FAQs About Long-Term Care Insurance

When should I buy long-term care insurance?

Although people put off purchasing a long-term care insurance policy because of the cost of its premiums, long-term care insurance specialist Carol Burk suggests looking into the coverage when you’re in your early fifties.

For couples looking for coverage, the sweet spot is around 55 years old. Beginning to shop at this time increases the odds of buying before your health declines and your premiums rise. The younger and healthier you are, the more likely you are to get the lowest rates.

Is long-term care insurance worth it?

Many people put off thinking about the prospect of needing care later in life or who will provide it, but the likelihood of needing care is high. Research shows that 70% of people aged 65 and older will need some form of long-term care, with women needing 1.5 more years of care than men.

According to financial expert Greg Klingler, “Purchasing insurance is about managing your risk. If you ask someone who has been confined to a long-term care facility if it is worth it, the answer will be a resounding yes. But if you ask someone who never had the need, the answer will be no.”

Also, if you have sufficient resources, you may want to forego long-term care insurance and instead rely on tapping those assets if you indeed require such care later in your life.

Does health or disability insurance cover long-term care?

According to LongTermCare.gov, there’s a common misconception that medical insurance will cover most of the costs of long-term care. Most private health insurers and health maintenance organizations (HMOs) exclusively cover skilled, short-term, medically required care. Many private health insurers do not cover custodial care.

Disability income insurance, on the other hand, is designed to replace your income in the event an illness or injury renders you unable to work, not to cover long-term-care expenses. In the event your disability also requires long-term care services, the cost of care may add up.

What can disqualify you from long-term care insurance?

Insurance companies price risk differently, which means some may be more lenient than others when it comes to certain risk factors. In general, long-term care insurers will pay special attention to your medical history and any family history of debilitating illness.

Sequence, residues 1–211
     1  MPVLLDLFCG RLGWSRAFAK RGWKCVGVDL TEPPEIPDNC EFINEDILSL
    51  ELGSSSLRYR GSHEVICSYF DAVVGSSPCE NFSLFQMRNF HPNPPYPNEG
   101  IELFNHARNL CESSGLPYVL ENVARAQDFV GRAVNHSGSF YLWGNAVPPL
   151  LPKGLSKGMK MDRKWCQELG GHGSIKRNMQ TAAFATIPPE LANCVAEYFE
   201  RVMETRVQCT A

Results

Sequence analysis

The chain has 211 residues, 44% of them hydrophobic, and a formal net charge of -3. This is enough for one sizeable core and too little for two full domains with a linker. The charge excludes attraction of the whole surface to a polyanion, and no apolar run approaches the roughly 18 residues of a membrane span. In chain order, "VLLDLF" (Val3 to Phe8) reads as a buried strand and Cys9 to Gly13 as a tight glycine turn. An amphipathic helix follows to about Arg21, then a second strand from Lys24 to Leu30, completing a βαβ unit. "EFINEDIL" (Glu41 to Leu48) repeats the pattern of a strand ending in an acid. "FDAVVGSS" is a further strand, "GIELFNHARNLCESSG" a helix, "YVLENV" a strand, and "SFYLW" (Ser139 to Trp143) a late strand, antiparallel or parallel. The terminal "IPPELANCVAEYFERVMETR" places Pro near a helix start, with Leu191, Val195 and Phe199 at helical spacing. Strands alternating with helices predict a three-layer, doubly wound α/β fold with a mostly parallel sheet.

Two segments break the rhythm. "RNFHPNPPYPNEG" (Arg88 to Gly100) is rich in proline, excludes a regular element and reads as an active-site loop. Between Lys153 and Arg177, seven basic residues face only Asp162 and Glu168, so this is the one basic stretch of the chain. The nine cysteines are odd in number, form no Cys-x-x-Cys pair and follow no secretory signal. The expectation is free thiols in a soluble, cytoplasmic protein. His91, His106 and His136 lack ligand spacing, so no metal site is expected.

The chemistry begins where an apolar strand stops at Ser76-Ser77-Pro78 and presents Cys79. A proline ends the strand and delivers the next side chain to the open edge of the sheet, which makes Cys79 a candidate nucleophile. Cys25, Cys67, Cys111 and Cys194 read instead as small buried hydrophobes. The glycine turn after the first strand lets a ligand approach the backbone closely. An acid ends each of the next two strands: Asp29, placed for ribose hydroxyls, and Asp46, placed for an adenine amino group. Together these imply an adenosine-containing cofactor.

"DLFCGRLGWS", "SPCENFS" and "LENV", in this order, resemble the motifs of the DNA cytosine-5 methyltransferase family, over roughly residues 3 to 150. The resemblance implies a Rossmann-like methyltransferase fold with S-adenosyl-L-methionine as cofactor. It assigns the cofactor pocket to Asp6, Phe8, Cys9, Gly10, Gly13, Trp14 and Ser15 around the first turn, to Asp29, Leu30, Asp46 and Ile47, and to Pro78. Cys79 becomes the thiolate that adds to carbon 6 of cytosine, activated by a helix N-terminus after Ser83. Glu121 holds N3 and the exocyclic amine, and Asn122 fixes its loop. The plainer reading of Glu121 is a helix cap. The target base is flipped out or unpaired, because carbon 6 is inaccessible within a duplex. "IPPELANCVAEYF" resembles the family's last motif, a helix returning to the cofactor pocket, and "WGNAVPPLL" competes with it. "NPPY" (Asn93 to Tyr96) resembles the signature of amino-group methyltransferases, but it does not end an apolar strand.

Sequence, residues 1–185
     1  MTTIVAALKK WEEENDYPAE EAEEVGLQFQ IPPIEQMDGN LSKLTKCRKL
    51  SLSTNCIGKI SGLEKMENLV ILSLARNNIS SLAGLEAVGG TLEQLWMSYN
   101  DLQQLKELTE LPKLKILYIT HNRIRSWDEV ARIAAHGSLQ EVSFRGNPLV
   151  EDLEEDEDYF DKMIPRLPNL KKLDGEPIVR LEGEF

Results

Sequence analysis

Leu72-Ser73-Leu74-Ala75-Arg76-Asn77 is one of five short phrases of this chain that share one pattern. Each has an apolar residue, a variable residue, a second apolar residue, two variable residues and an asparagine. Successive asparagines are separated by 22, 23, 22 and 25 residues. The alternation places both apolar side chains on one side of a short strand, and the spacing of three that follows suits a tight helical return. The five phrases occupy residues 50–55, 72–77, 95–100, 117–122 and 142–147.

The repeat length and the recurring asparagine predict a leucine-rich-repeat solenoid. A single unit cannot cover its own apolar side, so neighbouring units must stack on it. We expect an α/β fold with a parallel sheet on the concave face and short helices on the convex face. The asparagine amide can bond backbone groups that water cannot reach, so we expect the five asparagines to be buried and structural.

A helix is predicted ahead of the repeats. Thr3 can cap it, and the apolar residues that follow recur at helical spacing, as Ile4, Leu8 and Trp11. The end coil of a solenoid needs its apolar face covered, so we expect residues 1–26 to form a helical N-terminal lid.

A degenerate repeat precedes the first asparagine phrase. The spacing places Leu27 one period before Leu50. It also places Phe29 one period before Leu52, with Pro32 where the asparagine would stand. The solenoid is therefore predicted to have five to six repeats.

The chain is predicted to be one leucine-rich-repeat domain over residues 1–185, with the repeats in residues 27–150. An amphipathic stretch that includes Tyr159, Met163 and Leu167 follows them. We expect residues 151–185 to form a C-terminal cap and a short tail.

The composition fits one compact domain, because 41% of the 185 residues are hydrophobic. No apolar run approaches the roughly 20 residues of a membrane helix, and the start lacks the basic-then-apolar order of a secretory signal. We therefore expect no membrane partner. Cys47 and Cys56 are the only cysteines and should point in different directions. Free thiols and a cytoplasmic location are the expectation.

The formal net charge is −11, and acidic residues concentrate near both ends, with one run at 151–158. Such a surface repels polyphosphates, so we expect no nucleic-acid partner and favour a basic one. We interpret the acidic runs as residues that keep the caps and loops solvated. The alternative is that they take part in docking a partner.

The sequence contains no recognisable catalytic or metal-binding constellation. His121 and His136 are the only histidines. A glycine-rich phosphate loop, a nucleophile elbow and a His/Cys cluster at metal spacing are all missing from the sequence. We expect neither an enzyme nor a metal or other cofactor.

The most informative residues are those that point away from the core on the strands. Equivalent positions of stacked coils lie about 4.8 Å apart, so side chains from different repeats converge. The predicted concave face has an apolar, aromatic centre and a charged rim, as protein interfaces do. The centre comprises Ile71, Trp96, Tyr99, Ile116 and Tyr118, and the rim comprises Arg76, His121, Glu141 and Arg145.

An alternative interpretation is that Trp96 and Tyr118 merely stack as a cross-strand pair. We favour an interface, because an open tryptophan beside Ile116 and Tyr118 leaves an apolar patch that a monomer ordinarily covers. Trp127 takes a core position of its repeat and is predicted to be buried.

Being in poor health or needing help with daily living activities could make it harder to get approved for coverage or to qualify for lower premiums.

How do long-term care insurance state partnership plans work?

Many states have partnerships with long-term care insurance companies that incentivize people to purchase long-term care. Participating insurance companies agree to specific provisions in their partnership policies that financially protect policyholders who exhaust their benefits and want to request Medicaid.

Before Medicaid starts paying benefits, it will require you to exhaust most of your assets — the specific amount varies by state. Partnership programs protect your assets up to the equivalent of your long-term care policy’s total benefit amount.

For example, if your state requires you to spend your assets down to $1,500 and you have a long-term care insurance benefit that is partnership-approved for $500,000, you would be able to maintain up to $501,500 in assets and still qualify for Medicaid.

Long-Term Care Glossary
Activities of Daily Living (ADLs) These include self-care tasks such as dressing, feeding oneself, toilet hygiene, continence, transferring, and personal hygiene or grooming.
Benefit Period The amount of time your insurance will cover your long-term care expenses.
Benefit Triggers Long-term care insurance benefits are triggered into effect when the insured requires assistance with two or more of the ADLs or has a cognitive impairment.
Caregiver Any person that provides in-home care to the elderly or disabled.
Chronic Illness A long-lasting illness or condition that is typically incurable but can be managed with health and living assistance services. Those chronically ill have a physical or cognitive impairment and can’t perform at least two ADLs.
Cognitive Impairment A decline in mental function grave enough to handicap one from performing activities of daily living. For example, Alzheimer’s or Parkinson’s disease.
Community-Based Services These provide health services (skilled nursing care, therapies, case management, hospice care) to meet medical needs and human services (senior centers, adult daycares, home-delivered meal programs, personal care assistance) to support one in daily living.
Custodial Care Non-skilled care, also known as personal care, is used to assist with activities of daily living.
Elimination Period Also known as the deductible period, it’s the time between the start of your claim and the moment you start receiving benefits.
Skilled Care Services provided by a licensed professional such as a registered nurse, physical therapist, or doctor.

Methodology

To make our selection for the best long-term care insurance companies of 2021, we considered the customer-satisfaction ratings from J.D. Power’s 2020 Individual Life Insurance Study scores. We also looked into financial strength as demonstrated by A.M. Best’s ratings of that attribute, along with the number of complaints filed against each company with the National Association of Insurance Commissioners (NAIC).

The Best Long-Term Care Insurance Companies of 2020